Affordable Care Act, Where We Are Now

Before the Affordable Care Act was passed, the number of Americans without health insurance has been estimated to be as high as 44 million. Current statistics indicate that about 7.26 million have enrolled in the program so far. Every citizen is required by law to get insurance. If you don’t have health insurance through work, enrolling will keep you from getting hit by an IRS-enforced tax/fine.

Prior to ACA’s enactment, 18% of American adults had no health insurance. In 2014, eight million people signed up for health insurance, dropping uninsured to about 14%. Thirty million are expected to remain uninsured, even after a few more years of enrollments. Health insurance is clearly something that still needs to be addressed.

States have the right to choose two different paths concerning Medicaid money. They can expand Medicaid availability by partnering with the Federal Government on the Marketplace Exchange. If they choose to do so, then more federally-funded Medicare dollars become available to those states. In states that expanded Medicaid, the uninsured fell from 28% to 17%, but in states that didn’t, the average uninsured rate only fell from 38% to 36%.

North Carolina is not moving forward with Medicaid Expansion at this time and is not alone in this choice. In fact about 50% of our country (23 states) chose to not pursue Medicaid Expansion. These states have chosen to not use the federal end of the Marketplace website. They have chosen a route that has less federal red tape.

About 90% of those who remain uninsured are unaware that there is another enrollment window. The Marketplace is full of all kinds of useful information to help folks make decisions about policies, a better understanding of health insurance basics, where to go for additional help. Small business owners can find plan options there as well.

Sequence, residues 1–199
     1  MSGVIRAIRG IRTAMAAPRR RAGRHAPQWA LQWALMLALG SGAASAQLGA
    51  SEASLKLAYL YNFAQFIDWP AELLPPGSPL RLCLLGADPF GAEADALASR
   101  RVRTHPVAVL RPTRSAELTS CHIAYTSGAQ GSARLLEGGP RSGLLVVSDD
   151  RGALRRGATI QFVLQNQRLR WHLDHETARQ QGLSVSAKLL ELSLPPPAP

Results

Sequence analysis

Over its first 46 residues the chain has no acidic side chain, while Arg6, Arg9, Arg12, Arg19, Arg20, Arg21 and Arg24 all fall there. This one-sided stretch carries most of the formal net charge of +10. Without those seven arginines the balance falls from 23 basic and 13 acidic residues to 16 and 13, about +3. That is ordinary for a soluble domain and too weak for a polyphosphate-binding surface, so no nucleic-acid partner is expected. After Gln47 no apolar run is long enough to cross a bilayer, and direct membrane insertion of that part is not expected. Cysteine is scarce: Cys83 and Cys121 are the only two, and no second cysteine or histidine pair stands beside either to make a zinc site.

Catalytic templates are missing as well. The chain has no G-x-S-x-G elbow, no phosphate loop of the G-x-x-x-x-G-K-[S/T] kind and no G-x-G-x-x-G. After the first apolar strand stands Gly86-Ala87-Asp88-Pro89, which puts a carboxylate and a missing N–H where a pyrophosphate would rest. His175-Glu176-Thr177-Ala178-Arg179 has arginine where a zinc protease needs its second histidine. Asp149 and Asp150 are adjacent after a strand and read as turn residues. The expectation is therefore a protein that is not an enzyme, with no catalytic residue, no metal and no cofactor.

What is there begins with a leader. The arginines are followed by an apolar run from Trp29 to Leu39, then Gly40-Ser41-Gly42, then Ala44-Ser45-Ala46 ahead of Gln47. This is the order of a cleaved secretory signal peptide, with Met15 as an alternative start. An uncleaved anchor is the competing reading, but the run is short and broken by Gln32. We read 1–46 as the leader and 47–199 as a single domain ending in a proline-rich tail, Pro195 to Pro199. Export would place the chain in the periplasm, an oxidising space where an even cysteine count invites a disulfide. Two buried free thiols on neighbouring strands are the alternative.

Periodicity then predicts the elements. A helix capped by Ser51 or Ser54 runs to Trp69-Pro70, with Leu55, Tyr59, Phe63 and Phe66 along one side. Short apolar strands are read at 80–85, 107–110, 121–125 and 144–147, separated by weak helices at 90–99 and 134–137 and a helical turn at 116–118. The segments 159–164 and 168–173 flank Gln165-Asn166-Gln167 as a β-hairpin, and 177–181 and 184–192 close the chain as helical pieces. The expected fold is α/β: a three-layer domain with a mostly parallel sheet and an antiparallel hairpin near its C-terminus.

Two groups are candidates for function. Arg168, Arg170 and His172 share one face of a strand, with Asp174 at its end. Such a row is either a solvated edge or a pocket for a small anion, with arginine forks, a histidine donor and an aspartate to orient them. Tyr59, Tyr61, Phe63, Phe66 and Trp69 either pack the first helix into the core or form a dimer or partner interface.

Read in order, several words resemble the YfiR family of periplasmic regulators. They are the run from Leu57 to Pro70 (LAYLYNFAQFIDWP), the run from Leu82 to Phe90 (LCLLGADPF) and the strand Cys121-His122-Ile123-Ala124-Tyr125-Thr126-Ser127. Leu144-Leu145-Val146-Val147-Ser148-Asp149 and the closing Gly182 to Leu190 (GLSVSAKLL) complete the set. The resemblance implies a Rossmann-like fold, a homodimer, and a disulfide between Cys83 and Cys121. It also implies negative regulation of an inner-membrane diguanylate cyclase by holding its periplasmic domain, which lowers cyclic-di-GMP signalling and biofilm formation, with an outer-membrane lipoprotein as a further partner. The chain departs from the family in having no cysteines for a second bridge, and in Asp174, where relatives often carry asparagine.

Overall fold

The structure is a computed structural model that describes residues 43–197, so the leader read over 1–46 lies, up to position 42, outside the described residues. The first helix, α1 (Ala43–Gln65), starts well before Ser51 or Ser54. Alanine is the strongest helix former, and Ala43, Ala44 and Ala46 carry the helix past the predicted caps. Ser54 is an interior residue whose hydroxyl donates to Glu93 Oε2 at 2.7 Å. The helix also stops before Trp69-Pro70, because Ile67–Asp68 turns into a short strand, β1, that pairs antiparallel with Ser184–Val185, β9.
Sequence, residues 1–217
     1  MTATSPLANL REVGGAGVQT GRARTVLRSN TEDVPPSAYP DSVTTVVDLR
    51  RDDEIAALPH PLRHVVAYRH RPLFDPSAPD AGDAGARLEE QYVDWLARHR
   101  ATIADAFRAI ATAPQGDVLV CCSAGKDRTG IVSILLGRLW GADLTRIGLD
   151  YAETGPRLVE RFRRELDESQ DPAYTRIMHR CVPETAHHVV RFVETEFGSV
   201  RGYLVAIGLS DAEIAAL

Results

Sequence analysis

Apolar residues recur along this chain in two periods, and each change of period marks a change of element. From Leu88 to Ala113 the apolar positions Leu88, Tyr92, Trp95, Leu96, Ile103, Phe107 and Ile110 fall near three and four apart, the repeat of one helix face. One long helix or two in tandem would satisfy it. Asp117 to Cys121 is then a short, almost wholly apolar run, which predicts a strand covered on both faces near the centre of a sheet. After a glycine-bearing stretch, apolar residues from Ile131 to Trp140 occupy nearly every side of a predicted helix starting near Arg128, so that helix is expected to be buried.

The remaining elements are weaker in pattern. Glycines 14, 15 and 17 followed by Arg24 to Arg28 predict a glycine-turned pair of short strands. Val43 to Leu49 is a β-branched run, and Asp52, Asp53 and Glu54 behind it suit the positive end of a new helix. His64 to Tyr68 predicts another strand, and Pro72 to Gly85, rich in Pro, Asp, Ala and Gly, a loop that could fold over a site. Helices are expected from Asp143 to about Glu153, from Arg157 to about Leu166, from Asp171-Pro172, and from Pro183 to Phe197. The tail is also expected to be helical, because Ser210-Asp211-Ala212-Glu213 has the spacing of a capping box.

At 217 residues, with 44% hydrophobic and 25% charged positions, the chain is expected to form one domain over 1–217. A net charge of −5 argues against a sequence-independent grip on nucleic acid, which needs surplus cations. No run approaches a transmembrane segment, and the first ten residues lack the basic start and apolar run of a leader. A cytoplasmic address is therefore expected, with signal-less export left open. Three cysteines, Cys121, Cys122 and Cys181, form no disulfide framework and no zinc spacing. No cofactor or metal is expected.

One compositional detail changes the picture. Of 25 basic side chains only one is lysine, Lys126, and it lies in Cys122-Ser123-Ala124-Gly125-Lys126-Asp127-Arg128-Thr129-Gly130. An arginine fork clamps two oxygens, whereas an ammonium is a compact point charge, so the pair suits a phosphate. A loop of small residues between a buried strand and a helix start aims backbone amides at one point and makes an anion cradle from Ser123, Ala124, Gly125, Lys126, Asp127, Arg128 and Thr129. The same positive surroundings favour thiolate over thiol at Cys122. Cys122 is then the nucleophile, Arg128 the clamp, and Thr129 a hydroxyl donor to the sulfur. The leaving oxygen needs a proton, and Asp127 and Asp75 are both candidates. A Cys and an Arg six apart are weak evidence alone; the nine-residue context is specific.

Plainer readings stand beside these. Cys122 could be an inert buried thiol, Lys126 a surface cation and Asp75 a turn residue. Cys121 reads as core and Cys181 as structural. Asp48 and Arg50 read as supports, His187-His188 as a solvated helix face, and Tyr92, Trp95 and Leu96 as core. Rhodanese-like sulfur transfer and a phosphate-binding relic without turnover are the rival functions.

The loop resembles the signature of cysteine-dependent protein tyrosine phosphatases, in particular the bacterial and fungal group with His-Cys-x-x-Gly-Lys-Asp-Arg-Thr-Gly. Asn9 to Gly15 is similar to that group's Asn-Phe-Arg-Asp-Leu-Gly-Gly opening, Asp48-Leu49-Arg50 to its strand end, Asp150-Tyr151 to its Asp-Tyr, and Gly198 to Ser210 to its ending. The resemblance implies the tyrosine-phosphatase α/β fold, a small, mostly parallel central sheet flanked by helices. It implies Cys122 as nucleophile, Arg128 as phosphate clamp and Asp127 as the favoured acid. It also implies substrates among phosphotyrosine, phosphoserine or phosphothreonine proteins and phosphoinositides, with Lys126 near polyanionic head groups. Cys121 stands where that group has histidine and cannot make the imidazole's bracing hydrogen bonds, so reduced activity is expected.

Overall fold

The next enrollment window is November 15, 2014 – February 15, 2016. This will be for coverage that starts as soon as January 1, 2015. Outside of this enrollment window, you can’t sign up unless you have a life-changing event, such as getting married, having a baby, job loss, or moving outside your current insurance’s covered area. With most rules, there are exceptions and ACA is no different: Medicaid and CHIP (Child Health Insurance Program) is available for enrollment year round.

People who have the greatest need for health insurance are usually the poorest. They are typically the least informed, least educated, and last to know about changes in the law, probably due to limited access to the internet, news, etc. They tend to have poorer health and some have had to often rely on Emergency Rooms for ordinary medical care. They are the group that will have the hardest time paying the penalties for failing to comply with the law. Obviously, this is a niche that needs to be educated about Marketplace and Medicaid/Medicare/CHIPS options.

Check out the Health Insurance Marketplace. You can compare plans (similar to shopping for airline tickets) even find out if you’re eligible for tax credits, which is based on income. Subsidies are available to offset the expense of ACA policies. Up to 400% of the poverty line qualify. That’s about $97K/yr gross income. Blue Cross Blue Shield of North Carolina can give you more information, and sign-up details. Getting a policy is probably going to be a better decision than paying the non-compliance tax.